If humans want to expand beyond Earth in an optimal way, we’ll need novel language to keep pace with novel technologies.
This week, in middle-of-nowhere Utah, a NASA contractor tested the rocket booster that will get future astronauts to deep space. I went.
If you want to understand why professional tennis is vulnerable to corruption and match-fixing, spend some time with the sport's underpaid minor leaguers.
If history is any guide — and it may very well not be — NASA is on track to have its next major accident in five years or so. But that may be proof the space agency is on the right track.
Today marks the thirtieth anniversary of the explosion of the Space Shuttle Challenger and the death of teacher Christa McAuliffe along with six crewmembers, which struck a major blow to the average guy's dreams of venturing into outer space.
Welcome to the space jam.
Torrents of big data can't stop mistakes—sometimes they make them more likely. The tragedy of Challenger, as with G.M. and others, was that some people had tried to stop it.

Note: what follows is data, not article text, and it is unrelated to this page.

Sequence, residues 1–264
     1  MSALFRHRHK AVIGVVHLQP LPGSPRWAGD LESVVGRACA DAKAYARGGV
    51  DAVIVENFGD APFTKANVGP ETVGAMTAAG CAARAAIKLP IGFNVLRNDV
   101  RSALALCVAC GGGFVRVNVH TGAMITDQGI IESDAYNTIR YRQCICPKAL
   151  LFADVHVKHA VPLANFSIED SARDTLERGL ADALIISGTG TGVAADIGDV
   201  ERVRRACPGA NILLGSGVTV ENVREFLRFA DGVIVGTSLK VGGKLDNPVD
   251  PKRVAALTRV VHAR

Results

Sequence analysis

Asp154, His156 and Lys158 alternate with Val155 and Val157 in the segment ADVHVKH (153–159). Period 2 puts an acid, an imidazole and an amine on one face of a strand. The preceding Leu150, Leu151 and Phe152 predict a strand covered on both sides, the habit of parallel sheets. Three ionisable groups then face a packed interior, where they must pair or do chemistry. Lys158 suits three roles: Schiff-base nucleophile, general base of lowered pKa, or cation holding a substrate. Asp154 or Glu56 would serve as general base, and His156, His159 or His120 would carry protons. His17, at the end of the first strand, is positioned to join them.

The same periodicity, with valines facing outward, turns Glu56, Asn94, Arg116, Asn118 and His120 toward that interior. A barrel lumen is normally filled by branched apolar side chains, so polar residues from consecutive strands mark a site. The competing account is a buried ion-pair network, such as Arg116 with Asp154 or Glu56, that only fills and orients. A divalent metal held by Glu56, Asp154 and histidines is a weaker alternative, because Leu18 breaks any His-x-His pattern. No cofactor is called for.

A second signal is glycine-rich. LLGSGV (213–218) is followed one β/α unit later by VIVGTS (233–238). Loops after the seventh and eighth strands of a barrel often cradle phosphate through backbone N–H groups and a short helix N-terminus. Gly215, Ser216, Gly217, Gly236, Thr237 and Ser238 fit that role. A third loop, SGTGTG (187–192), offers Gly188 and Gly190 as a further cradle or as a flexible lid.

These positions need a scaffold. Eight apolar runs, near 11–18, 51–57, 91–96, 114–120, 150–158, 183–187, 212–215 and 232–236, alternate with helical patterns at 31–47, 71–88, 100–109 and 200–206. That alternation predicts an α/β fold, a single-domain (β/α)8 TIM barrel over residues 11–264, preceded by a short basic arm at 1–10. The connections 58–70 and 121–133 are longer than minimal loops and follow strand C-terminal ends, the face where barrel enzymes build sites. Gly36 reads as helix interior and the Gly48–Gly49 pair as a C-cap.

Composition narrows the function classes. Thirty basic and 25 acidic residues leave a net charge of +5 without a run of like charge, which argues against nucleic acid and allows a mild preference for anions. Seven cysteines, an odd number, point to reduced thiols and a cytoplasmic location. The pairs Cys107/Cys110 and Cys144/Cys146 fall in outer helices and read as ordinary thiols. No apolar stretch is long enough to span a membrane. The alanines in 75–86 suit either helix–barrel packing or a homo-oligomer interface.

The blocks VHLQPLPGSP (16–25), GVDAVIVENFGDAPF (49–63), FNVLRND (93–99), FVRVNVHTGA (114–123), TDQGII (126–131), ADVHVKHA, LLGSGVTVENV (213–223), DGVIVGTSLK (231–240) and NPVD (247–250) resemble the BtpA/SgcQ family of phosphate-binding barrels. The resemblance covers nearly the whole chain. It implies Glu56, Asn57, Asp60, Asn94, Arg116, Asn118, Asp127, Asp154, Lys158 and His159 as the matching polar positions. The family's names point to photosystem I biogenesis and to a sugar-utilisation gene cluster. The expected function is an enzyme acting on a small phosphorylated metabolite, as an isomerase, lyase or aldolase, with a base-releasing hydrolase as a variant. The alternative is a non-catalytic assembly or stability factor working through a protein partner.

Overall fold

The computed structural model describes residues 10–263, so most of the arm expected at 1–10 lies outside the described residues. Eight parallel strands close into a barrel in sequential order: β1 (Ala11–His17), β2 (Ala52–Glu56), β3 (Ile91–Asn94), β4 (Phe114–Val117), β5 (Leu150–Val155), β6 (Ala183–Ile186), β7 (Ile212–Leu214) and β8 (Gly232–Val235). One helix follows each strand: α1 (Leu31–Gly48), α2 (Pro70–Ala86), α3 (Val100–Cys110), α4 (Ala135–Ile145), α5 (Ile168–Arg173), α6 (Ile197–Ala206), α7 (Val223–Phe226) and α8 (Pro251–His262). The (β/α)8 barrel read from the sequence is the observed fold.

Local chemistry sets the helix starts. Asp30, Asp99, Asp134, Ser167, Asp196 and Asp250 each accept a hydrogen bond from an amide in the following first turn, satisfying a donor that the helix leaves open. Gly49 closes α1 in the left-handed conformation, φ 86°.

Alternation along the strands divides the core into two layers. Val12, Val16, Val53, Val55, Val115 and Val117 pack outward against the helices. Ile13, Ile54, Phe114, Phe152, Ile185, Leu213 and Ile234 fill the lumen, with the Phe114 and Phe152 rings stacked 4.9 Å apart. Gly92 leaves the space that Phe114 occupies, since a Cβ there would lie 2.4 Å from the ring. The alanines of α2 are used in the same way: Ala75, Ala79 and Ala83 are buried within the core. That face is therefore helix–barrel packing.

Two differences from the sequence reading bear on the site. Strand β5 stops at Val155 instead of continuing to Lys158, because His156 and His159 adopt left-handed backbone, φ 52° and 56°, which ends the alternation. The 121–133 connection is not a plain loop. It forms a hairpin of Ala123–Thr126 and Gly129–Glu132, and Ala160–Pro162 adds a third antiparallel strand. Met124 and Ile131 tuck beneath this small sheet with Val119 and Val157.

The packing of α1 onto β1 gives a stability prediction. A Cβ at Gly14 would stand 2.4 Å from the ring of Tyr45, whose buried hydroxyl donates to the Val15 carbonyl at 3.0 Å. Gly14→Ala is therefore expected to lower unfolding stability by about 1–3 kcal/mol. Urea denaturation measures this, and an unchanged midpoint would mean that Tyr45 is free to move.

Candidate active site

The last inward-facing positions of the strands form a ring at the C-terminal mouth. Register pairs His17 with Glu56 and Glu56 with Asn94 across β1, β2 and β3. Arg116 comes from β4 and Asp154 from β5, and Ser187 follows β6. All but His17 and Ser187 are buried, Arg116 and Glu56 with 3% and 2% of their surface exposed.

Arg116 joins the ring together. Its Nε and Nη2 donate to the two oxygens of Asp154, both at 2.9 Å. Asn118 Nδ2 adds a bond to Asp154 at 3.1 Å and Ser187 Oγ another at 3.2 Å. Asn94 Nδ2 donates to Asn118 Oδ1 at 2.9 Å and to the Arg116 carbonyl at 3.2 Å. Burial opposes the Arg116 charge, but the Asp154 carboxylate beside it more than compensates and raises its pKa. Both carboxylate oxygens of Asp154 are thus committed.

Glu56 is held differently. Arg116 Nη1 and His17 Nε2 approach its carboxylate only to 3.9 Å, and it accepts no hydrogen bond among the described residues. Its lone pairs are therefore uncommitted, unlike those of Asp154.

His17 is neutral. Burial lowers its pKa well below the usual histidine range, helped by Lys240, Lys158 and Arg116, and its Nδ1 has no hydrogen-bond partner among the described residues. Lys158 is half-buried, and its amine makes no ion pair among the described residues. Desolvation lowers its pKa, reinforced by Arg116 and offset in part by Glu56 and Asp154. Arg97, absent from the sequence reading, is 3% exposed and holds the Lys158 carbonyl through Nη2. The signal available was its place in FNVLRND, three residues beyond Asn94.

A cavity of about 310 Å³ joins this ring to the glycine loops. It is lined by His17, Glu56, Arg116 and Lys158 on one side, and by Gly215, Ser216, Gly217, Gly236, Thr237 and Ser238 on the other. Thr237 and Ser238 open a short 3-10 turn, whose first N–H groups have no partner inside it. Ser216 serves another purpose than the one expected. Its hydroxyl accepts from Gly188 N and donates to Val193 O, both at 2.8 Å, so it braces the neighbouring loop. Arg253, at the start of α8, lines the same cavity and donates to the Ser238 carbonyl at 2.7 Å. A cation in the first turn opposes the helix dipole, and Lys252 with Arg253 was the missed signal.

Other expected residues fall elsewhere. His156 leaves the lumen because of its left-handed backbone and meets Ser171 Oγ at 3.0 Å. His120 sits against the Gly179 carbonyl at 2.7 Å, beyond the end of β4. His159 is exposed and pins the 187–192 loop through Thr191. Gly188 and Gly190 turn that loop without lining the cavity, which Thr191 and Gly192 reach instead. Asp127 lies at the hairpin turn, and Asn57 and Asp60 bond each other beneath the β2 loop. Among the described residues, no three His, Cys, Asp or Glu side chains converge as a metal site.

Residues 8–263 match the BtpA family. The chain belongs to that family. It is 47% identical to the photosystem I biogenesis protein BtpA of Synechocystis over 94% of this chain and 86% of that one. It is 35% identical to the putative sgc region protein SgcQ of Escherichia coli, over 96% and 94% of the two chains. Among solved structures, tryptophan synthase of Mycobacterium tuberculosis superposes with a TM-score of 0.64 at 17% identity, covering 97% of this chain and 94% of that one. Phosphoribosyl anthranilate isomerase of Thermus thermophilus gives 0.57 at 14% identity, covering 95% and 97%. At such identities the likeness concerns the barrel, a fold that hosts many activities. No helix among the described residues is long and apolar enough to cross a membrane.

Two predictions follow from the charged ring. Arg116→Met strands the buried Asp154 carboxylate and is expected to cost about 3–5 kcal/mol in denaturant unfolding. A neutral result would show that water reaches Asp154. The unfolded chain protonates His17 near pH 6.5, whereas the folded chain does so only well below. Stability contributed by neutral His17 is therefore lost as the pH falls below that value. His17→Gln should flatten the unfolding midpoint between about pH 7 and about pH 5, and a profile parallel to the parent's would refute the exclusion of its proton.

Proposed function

Pity Hollywood. When art imitates life -- like in the September 12th-and-every-day-after film _Extremely Loud and Incredibly Close_ -- everyone misinterprets it as exploitative and manipulative and "demands":http://www.nypost.com/p/news/local/manhattan...
January, 1987. I stood alone 167 feet above the launch pad’s surface. I was staring into the open, small, white room. At the other end was an open doorway and beyond it was the blue expanse of the Atlantic Ocean. Between me and that 167 foot drop, the...
The U.S. is no stranger to the collapse of complex systems. But two decades before the break-up of Space Shuttle Columbia, the Deepwater Horizon blowout, and Fukashima Daiichi, America witnessed the Challenger disaster on January 28, 1986, and saw...